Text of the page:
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Chanukah in Prison

Chanukah in Prison

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Letter & Spirit - Personal and Public Correspondence of the Lubavitcher Rebbe Send Us Your Letters Letter & Spirit - Personal and Public Correspondence of the Lubavitcher Rebbe

By the Grace of G‑d
15 Kislev, 5738 [November 25, 1977]
Brooklyn, N.Y.

To All Jewish Detainees, Everywhere
G‑d be with you —

Greeting and Blessing:

In connection with the forthcoming days of Chanukah, I extend to each and all of you prayerful wishes for a bright and inspiring Chanukah, coupled with the fulfillment of your hearts' desires for good in every respect.

Chanukah brings a meaningful message of encouragement — in keeping with all the festivals and commemorative days in our Jewish Calendar, which are meant to be observed not just for the sake of remembrance, but also for the practical lessons they provide in our daily life. One of the practical teachings of Chanukah is as follows:

The special Mitzvah pertaining to Chanukah is, of course, the kindling of the Chanukah Lights, which must be lit after sunset — unlike the Shabbos candles which must be lit before sunset; and unlike also the lights of the Menorah that were kindles in the Beis Hamikdosh even earlier in the day.

The meaningful message which this emphasis on kindling the Chanukah Lights after sunset conveys is:

When a person finds himself in a situation of "after sunset," when the light of day has given way to gloom and darkness — as was the case in those ancient days under the oppressive Greek rule — one must not despair, G‑d forbid, but on the contrary, it is necessary to fortify oneself with complete trust in G‑d, the Essence of Goodness, and take heart in the firm belief that the darkness is only temporary, and it will soon be superseded by a bright light, which will be seen and felt all the more strongly through the supremacy of light over darkness, and by the intensity of the contrast.

And this is the meaning of lighting the Chanukah Lights, and in a manner that calls for lighting an additional candle each successive day of Chanukah — to plainly see for oneself, and to demonstrate to others passing by in the street, that light dispels darkness; and that even a little light dispels a great deal of darkness, how much more so a light that steadily grows in intensity. And if physical light has such quality and power, how much more so eternal spiritual.

What has been said above pertains to our Jewish people as a whole, as well as to each individual Jew, man or woman, in particular. The conclusion that follows from it is, that though our Jewish people is still in a state of Golus (Exile), and "darkness covers the earth," a time when "nations rage and peoples speak vain things," etc., there is no reason to get overly excited by it; we have only to strengthen our trust in G‑d, the "Guardian of His people Israel, who slumbers not, nor sleeps," and be confident that He will protect His people wherever they be, and will bless them with Hatzlocho in all things, and in a growing measure; and that He will hasten the coming of our Righteous Moshiach to bring us the true and complete Geulo (Redemption) which is fast approaching.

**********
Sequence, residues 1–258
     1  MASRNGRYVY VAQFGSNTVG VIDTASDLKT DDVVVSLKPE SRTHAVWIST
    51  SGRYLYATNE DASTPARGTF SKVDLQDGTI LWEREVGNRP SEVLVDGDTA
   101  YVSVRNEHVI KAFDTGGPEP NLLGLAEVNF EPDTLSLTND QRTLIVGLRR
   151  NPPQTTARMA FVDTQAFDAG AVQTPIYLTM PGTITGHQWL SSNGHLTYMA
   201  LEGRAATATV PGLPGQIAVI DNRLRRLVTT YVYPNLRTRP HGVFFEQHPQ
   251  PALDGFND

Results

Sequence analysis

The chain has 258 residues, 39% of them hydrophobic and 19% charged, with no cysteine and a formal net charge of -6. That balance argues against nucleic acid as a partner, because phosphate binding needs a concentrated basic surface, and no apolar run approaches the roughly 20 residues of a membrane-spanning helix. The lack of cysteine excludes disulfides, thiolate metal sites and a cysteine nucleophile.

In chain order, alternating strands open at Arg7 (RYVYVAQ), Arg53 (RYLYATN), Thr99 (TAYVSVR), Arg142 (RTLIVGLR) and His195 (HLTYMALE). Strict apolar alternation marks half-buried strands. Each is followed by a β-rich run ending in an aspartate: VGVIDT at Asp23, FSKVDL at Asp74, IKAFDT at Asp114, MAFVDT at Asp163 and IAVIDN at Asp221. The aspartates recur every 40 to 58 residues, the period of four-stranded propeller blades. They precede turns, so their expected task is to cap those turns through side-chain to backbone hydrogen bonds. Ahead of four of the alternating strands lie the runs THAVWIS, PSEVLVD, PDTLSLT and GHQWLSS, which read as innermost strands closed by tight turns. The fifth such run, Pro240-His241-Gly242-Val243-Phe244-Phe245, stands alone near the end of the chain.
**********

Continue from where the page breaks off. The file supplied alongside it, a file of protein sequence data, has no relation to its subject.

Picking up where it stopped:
Similarly in regard to each individual, those who find themselves in a state of personal Golus — there is no cause for discouragement and despondency, G‑d for bid; on the contrary, one must find increasing strength in complete trust in the Creator and Master of the Universe that their personal deliverance from distress and confinement is on its speedy way.

All the more so when this trust is expressed in a growing commitment to the fulfillment of G‑d's Will in the daily life and conduct in accordance with His Torah and Mitzvos — of which the Mitzva of kindling the Chanukah Lights is particularly significant in that it symbolizes the illumination of the soul, the "Lamp of G‑d," with the light of the Torah and Mitzvos, "for a Mitzvah is a lamp and the Torah is light," — illuminating it in an increasing measure from day to day, to bring about the fulfillment of the prophecy: "The people wailing in darkness (of the Golus) will see a great light" — the light of the Geulo.

With blessing for Hatzlocho and good tidings in all above,

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